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Thread: Router

  1. #1
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    Router

    can routers have open ports on them like telnet. what if you telnet to the router and login and did a DIR what would you get. And dose it have a OS, what is it

  2. #2
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    1. Routers have often telnet or web ports open, in order to let admin configure and monitor them.
    2. Routers have OSs. It is often some sort of *nix like OSs.
    3. Actually, "dir" is a DOS comand. "ls" would be probably a better try. Especially with telnet
    Life is boring. Play NetHack... --more--

  3. #3
    It also really depends on what type of router you're talking about. The common home systems (gateways, etc.) are usually administered via a web-like interface on port 80 or 8080, and usually only from inside the private IP range (192.168.x.x). If remote administration is turned on, only then can an external IP admin it.

    So, if you try to Telnet to that type of gateway specifically, you'll most likely get an error complaining of not being able to open the port/connection. If the admin of the gateway has a computer running behind it that is set up for comm on port 23, they'd have to forward that port at the gateway/router to that specific PC. In that case, then, you'd be Telnetting to that PC, not the gateway.

    l00p

  4. #4
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    Also, most routers store their operating system in NVRAM. There are really no "interesting" files on a router like you might find on a PC. Things you would consider "interesting" on a router would be the configuration files, access lists, version of the OS, and things like that. If you can pull up the config file that would give a lot of info about the network.
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  5. #5
    Originally posted here by InfiniteL00p
    It also really depends on what type of router you're talking about. The common home systems (gateways, etc.) are usually administered via a web-like interface on port 80 or 8080, and usually only from inside the private IP range (192.168.x.x). If remote administration is turned on, only then can an external IP admin it.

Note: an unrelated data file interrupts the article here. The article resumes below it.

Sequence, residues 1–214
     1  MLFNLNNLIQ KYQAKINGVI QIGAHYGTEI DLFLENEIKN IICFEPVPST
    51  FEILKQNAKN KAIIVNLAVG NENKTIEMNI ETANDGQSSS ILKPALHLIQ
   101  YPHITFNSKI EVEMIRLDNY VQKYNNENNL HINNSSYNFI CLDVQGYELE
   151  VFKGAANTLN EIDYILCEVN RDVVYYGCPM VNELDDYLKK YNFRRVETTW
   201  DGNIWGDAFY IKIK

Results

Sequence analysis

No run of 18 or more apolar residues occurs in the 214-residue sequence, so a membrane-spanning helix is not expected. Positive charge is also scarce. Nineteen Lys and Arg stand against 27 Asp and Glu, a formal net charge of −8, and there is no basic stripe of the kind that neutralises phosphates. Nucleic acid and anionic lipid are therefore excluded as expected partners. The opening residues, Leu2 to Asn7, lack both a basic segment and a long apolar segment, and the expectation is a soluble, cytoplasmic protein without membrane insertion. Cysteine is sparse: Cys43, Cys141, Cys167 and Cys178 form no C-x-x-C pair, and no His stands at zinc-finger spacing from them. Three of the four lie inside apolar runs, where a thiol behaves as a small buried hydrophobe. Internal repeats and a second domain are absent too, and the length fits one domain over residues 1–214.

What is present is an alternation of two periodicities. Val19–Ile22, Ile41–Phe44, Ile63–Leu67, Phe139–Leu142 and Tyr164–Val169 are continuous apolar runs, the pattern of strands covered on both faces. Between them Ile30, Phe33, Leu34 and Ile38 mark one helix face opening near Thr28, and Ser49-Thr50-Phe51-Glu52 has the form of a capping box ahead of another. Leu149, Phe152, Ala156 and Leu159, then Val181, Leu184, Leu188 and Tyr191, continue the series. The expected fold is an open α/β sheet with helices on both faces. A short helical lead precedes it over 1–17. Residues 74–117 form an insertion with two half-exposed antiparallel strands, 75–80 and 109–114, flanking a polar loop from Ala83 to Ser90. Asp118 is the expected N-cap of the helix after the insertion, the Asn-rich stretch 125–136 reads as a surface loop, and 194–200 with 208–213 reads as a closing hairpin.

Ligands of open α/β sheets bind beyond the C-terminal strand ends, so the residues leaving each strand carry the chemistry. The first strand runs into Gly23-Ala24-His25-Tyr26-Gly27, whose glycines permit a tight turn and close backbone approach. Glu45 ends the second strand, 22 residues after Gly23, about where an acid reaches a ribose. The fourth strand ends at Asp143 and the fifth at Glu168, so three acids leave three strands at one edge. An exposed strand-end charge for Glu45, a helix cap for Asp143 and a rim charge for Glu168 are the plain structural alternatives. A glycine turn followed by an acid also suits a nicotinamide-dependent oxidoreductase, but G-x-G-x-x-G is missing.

l00p
    Although there are not quite as many routers that have a Telnet-based control panel, there are still many routers out there that use a telnet-based CP. Doing a little research, I found that some routers even have an FTP-based CP. However, most home routers use web-based authentication for the CP. I have run into many routers that can be controlled remotely over the years, most of which have the SSID of "linksys" and the password of "admin"

  6. #6
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    use a trojans or like a softer named "fpipe.ex"

  7. #7
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    not a lot of point posting to an old thread.

    btw - all my network HW has all mgtm disabled. you literally have to be physically near the device with a laptop and connect to the console port to administer it.
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  8. #8
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    Most routers will have the telnet port open. In cisco talk it is called their vty port or virtual terminal. And yes you can program and configure the router from this telnet session. The only thing I would mention is that there is no stored information on a router save the configurations such as has been mentioned earlier. The cool part about routers is that you can block or permit pretty much any port either by name or by port number and also the same with any IP address. I mean ANY ip address. Of course there are ways around that.

    Now word of warning. If you change any configuration on a router it will automatically log your ip address and state that changes have been made from that ip. (again there are ways around this as well but if you need to do that you probably shouldn't be in the router.) Ohh, if you do change router configurations illegally and get caught you are facing some really hefty fines. Depending on what kind of router you jack up and how long it takes people to fix the problem. Now if you drop a huge backbone router, (as if it would be possible to get into) but just speculating that you did it. They would lock you up and throw away the key. (that is if you are lucky)

    But if you are interested routers don't cost that much and they are cool to have on a home network.
    Hope the you like the info. Enjoy!

    Ohh, before I finish routers have their own OSs. Cisco uses its own cisco OS nothing like UNIX or Windows. A whole new animal. Some essential commands can be found on their website though.

    you can use the "?" or the "show" commands they work kinda like "dir" for DOS

  9. #9
    Senior Member treanglin's Avatar
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    LordWire what makes you ask this question?
    "Do you know why the system is slow?" they ask

    "It's probably something to do with..." I look up today's excuse ".. clock speed"
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